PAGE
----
Dakshina

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Dakshina (Sanskrit: dakṣiṇa, means "south, southern",[1] but also refers to a Tantric concept right-hand path,[2] as well as a Vedic concept of donation or payment for the services of a priest, spiritual guide or teacher.[3]

Etymology and description[edit]

As a Vedic concept, the donation originally consisted of a cow (according to Kātyāyana Śrautasūtra 15, Lāṭyāyana Śrautasūtra 8.1.2). The term itself is derived from this, the feminine dakṣiṇā being a term for a cow able to calve and give milk (a prolific cow, milch-cow) in the Rigveda.

Dakshina is personified as a goddess along with Brahmanaspati, Indra and Soma in RV 1.18.5 and RV 10.103.8, and is the reputed author of RV 10.107 according to the Anukramani.

In later literature, in the Manusmrti and in the Ramayana, the term dakshina acquires a more general meaning of "thanks" or "a gift".[citation needed]

Ekalvya's dakshina of his right hand thumb to his guru.

Gurudakshina[edit]

Gurudakshina refers to the tradition of repaying one's teacher or guru after a period of study or the completion of formal education, or to spiritual guide.[4] This tradition is one of acknowledgment, respect, and thanks.[5] It is a form of reciprocity and exchange between student and teacher. The repayment is not exclusively monetary and may be a special task the teacher wants the student to accomplish.

Dakshina in Indian epics[edit]

There is a symbolic story in the Indian epic Mahabharata that discusses proper and improper gurudakshina, after a character named Ekalavya.[6] This socio-mythological story refers to a tribal boy's passion to learn and master archery.

Ekalavya, eager to learn archery, approaches Dronacharya - the best teacher in the land. Drona asks Ekalavya why he wants to learn archery. Ekalavya replies that he wants to protect and rescue defenseless animals such as deer and fawns from cruel wolves.[7] Drona is moved by Ekalavya's noble cause and lack of competitive ego, but refuses to teach Ekalavya claiming he is too busy to take students, but in reality does not want to teach a student from a non-warrior family and wants to avoid creating competition for Arjuna. Dejected but unwilling to give up, Ekalavya returns to the forest and builds a statue of Drona for inspiration, and then teaches himself the art of archery. With practice, over time, Ekalavya becomes the finest archer in the land. Years later, in a forest Drona and his students witness a feat of archery none of the formal students of Drona knew, stunning everyone. They trace the source, and find the feat as an achievement of Ekalavya. Drona approaches Ekalavya and asks who taught him archery. Ekalavya says you, Drona through your statue. Drona asks him if Ekalavya would pay gurudakshina. Ekalavya replies yes. Drona asks for Ekalavya's right thumb, which Ekalavya promptly cuts and presents to Drona. This dakshina cripples Ekalavya.[8][9]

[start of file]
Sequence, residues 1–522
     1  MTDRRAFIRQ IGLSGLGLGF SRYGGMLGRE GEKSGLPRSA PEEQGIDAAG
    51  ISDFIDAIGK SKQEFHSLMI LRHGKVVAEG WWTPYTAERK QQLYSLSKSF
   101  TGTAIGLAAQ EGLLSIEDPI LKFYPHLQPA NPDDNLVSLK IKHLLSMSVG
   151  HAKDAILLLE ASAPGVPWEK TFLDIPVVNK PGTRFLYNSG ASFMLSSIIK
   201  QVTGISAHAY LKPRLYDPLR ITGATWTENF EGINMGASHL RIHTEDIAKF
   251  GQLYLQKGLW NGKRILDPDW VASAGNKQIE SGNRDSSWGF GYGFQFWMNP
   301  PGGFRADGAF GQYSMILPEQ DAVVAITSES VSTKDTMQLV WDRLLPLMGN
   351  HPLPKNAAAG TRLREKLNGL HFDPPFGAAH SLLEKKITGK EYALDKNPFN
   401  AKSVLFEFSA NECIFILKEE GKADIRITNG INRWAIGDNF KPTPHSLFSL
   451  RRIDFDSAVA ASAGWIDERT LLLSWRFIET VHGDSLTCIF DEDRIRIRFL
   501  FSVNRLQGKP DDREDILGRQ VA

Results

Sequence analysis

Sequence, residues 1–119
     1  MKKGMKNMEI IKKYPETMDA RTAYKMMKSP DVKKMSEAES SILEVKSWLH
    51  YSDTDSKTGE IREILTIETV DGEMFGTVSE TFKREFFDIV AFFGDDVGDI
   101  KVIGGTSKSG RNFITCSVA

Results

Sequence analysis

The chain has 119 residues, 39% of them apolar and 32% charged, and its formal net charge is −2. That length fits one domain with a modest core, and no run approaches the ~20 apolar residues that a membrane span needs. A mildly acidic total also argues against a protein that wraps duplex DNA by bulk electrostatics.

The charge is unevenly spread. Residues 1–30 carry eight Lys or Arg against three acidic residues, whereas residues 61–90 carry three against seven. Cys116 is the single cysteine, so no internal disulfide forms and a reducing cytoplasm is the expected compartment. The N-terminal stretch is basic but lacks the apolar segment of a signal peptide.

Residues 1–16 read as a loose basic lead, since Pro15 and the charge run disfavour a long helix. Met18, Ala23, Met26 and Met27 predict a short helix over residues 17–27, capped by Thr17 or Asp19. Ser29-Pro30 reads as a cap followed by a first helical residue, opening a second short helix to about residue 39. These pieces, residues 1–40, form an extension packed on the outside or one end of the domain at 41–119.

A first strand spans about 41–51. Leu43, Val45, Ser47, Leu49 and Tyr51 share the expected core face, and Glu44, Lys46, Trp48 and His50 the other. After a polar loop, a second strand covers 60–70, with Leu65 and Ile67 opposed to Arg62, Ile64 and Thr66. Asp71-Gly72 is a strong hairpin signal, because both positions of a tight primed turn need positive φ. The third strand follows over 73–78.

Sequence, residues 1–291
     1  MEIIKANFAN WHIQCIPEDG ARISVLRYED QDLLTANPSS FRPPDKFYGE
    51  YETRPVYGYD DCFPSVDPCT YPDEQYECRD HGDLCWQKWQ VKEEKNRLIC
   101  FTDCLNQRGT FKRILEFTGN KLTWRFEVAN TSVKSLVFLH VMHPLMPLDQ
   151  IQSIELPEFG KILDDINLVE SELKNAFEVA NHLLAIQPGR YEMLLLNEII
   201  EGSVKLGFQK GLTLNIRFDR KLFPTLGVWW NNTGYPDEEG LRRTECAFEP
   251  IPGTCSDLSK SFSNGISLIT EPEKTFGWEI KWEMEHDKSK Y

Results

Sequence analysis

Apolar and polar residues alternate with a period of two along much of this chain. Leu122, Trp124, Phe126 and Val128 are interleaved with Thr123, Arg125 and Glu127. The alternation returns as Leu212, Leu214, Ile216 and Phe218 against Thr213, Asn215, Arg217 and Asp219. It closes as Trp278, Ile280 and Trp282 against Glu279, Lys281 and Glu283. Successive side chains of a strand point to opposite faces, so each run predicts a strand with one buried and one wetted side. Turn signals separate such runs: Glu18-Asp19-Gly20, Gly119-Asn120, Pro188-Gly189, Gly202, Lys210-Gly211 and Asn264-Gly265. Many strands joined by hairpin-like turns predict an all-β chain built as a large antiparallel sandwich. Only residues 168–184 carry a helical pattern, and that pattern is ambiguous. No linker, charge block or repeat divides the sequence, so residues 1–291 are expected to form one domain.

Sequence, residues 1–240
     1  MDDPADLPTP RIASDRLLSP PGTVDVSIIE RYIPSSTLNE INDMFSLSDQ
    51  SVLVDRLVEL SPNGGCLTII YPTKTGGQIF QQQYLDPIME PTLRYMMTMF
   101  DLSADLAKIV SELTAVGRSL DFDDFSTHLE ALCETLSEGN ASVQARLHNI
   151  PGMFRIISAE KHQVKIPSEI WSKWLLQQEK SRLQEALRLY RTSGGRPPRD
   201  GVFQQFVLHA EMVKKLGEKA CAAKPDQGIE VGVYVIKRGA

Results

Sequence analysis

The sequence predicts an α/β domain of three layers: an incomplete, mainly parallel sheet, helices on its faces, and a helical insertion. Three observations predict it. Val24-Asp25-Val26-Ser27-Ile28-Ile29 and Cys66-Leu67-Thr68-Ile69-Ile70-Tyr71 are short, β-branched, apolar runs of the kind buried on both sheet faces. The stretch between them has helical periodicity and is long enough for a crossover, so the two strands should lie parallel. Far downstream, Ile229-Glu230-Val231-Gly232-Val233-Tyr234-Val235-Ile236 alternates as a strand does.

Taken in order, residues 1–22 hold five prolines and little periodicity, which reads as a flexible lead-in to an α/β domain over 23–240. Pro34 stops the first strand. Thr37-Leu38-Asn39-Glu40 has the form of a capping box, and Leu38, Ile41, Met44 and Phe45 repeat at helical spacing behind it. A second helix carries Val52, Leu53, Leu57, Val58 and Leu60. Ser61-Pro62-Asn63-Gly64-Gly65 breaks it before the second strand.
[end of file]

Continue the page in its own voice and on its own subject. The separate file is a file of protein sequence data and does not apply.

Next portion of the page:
The story, like many stories in Mahabharata is an open ended parable on education, personal drive to learn, and what is proper and improper dakshina? In the epic Mahabharata, after the right hand thumb as gurudakshina event, Drona is haunted and wonders if demanding Ekalavya's thumb was proper,[10] Ekalavya goes on to re-master archery with four fingers of his right hand, as well as left hand, thereby becoming a mighty warrior, becomes accepted as a king, and tells his children that education is for everyone and that no one can close the doors of education on any human being.[11][12]

See also[edit]

References[edit]

  1. ^ See entry for South, English-Sanskrit Dictionary, Spoken Sanskrit, Germany (2010)
  2. ^ Bhattacharya, N. N. History of the Tantric Religion. Second Revised Edition. Manohar Publications, Delhi, 1999. ISBN 81-7304-025-7
  3. ^ dakSiNa Cologne Digital Sanskrit Lexicon, Cologne, Germany (2006)
  4. ^ गुरुदक्षिणा, Gurudakshina English-Sanskrit Dictionary, Spoken Sanskrit, Germany (2010)
  5. ^ Radhakrishnan, L. J., & Rabb, H. (2010). Even in nephrology, gurudakshina is important, Kidney International, 78, 3-5
  6. ^ Kakar, S. (1971). The Theme of Authority in Sociaal Relation in India. The Journal of Social Psychology, 84(1), 93-101
  7. ^ Kailasam, T. P. (2007). Little Lays and Plays Pages from the Epic. Musings On Indian Writing In English, Vol. 3: Drama, 3, 40, Editor: N Sharda Iyer, ISBN 978-8176258012
  8. ^ Shankar, S. (1994). The thumb of Ekalavya: Postcolonial studies and the" Third World" scholar in a neocolonial world. World Literature Today, 68(3), 479-487
  9. ^ Nachimuthu, P. (2006). Mentors in Indian mythology. Management and Labour Studies, 31(2), 137-151
  10. ^ Kumar, S. THE MAHABHARATA. HarperCollins Publishers India (2011), ISBN 978-93-5029-191-7
  11. ^ Brodbeck, S. (2006). Ekalavya and Mahābhārata 1.121–28, International Journal of Hindu Studies, 10(1), 1-34
  12. ^ Brodbeck, Simon (2004) 'The story of Ekalavya in the Mahabharata.' In: Leslie, J. and Clark, M., (eds.), Text, belief and personal identity: creating a dialogue, ISBN 9780728603639